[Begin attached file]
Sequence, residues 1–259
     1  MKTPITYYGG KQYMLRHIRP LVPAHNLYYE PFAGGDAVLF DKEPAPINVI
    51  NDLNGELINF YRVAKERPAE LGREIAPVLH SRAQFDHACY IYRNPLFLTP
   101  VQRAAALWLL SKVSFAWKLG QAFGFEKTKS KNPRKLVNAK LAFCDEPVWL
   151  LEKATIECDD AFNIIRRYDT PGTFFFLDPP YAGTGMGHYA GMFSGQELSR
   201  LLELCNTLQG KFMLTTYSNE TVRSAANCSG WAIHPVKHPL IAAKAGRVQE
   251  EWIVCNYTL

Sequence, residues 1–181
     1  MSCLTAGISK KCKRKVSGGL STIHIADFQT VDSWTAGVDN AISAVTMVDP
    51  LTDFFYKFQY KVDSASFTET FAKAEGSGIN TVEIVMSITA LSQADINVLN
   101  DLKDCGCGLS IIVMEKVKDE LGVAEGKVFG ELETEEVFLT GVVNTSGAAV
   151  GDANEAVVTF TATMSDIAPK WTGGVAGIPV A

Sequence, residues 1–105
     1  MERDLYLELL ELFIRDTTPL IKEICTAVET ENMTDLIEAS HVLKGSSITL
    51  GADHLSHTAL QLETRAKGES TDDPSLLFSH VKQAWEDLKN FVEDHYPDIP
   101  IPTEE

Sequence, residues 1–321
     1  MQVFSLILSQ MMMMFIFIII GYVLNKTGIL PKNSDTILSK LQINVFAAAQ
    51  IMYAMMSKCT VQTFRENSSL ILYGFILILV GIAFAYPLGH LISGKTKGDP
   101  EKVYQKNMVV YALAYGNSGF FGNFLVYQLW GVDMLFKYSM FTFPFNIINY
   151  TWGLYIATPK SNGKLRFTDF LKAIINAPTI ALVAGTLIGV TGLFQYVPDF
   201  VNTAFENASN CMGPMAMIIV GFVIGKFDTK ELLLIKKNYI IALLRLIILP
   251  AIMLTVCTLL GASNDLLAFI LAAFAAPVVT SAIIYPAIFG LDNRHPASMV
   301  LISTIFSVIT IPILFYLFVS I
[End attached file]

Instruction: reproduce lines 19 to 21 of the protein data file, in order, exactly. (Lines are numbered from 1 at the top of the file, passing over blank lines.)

    51  IMYAMMSKCT VQTFRENSSL ILYGFILILV GIAFAYPLGH LISGKTKGDP
   101  EKVYQKNMVV YALAYGNSGF FGNFLVYQLW GVDMLFKYSM FTFPFNIINY
   151  TWGLYIATPK SNGKLRFTDF LKAIINAPTI ALVAGTLIGV TGLFQYVPDF